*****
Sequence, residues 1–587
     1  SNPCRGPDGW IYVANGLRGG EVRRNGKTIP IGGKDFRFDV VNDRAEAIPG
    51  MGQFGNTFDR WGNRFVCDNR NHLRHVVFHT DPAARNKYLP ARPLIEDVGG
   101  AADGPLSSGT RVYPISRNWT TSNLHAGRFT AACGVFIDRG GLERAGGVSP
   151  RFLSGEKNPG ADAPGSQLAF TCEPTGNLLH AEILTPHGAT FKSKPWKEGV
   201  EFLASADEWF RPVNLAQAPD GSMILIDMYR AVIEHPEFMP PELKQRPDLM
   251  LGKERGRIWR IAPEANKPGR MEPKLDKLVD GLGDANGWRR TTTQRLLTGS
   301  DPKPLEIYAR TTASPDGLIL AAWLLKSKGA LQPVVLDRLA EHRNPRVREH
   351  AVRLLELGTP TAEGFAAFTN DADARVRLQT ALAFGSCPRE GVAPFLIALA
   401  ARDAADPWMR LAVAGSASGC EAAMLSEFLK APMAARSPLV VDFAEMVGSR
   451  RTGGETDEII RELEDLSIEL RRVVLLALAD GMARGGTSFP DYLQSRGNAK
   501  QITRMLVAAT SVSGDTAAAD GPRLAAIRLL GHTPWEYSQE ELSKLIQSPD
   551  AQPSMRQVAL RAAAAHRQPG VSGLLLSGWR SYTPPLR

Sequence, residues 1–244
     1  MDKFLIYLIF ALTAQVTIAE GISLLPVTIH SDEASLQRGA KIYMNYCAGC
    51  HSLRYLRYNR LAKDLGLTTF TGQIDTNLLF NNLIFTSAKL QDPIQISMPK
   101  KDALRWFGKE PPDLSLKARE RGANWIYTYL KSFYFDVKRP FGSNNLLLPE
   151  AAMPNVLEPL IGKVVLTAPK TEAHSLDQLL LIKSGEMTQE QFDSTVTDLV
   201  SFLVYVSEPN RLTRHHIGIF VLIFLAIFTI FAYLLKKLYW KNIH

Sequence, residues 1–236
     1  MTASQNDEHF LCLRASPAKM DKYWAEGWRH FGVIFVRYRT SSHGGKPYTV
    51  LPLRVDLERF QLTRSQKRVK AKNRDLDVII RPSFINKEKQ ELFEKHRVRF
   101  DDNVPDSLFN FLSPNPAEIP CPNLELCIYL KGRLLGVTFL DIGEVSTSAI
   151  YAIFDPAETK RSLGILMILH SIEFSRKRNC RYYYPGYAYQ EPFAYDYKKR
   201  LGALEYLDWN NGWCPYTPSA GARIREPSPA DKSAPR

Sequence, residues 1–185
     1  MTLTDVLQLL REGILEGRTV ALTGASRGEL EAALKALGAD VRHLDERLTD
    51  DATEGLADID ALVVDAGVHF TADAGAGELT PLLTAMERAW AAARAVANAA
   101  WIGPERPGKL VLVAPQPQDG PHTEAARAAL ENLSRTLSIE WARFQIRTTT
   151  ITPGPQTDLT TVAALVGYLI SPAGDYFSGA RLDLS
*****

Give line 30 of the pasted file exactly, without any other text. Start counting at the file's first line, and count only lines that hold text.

   151  ITPGPQTDLT TVAALVGYLI SPAGDYFSGA RLDLS